Faced with China’s most searing heat wave in six decades, factories in the country’s southwest are being forced to close. A severe drought has shrunk rivers, disrupting the region’s supply of water and hydropower and prompting officials to limit electricity to businesses and homes. In two cities, office buildings were ordered to shut off the air conditioning to spare an overextended electrical grid, while elsewhere in southern China local governments urged residents and businesses to conserve energy.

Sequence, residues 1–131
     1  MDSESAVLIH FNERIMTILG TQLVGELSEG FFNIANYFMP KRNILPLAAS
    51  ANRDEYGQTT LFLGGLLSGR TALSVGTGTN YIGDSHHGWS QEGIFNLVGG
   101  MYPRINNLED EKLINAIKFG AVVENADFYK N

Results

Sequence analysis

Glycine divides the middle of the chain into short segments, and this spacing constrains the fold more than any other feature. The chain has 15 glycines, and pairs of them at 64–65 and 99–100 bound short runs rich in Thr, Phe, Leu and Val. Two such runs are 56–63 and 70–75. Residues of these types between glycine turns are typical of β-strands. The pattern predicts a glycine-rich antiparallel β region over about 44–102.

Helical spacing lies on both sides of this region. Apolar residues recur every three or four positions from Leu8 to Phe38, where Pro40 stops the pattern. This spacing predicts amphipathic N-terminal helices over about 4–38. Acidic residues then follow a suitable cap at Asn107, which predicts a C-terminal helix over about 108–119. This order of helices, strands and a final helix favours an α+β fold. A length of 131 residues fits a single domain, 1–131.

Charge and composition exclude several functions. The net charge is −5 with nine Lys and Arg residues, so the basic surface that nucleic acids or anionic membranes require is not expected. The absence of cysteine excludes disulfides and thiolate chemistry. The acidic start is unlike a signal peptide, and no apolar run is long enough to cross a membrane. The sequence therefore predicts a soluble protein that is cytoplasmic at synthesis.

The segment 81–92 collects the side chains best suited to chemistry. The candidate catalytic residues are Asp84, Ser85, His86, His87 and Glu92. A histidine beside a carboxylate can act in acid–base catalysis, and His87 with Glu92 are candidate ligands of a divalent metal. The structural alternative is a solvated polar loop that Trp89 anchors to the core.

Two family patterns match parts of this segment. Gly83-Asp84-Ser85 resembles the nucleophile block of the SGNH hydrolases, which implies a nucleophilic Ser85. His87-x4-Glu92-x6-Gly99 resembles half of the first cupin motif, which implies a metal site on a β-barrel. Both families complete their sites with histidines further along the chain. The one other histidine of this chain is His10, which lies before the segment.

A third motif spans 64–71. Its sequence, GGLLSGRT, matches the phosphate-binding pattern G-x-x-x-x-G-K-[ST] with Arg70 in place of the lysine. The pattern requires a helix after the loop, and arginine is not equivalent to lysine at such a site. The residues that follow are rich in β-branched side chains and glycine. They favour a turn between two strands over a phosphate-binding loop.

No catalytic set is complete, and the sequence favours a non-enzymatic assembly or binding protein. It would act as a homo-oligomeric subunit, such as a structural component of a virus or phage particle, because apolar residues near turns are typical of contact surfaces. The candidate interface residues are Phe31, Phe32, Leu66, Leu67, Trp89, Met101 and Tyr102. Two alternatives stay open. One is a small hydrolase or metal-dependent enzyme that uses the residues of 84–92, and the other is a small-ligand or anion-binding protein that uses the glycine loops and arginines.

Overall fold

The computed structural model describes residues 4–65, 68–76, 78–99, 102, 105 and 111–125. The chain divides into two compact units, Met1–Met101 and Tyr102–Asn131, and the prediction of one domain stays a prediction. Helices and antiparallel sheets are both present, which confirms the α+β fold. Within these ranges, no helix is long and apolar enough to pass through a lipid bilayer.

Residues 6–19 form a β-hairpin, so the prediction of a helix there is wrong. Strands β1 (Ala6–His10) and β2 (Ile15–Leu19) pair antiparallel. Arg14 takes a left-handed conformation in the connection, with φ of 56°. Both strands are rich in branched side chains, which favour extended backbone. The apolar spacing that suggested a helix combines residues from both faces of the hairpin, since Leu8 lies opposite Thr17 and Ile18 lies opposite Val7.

The rolling blackouts and factory shutdowns, which affected Toyota and Foxconn, a supplier for Apple, point to the ways that extreme weather is adding to China’s economic woes. The economy has been headed toward its slowest pace of growth in years, dragged down by the country’s stringent COVID policy of lockdowns, quarantines and travel restrictions, as consumers tightened spending and factories produced less. Youth unemployment has reached a record high, while trouble in the real estate sector has set off an unusual surge of public discontent.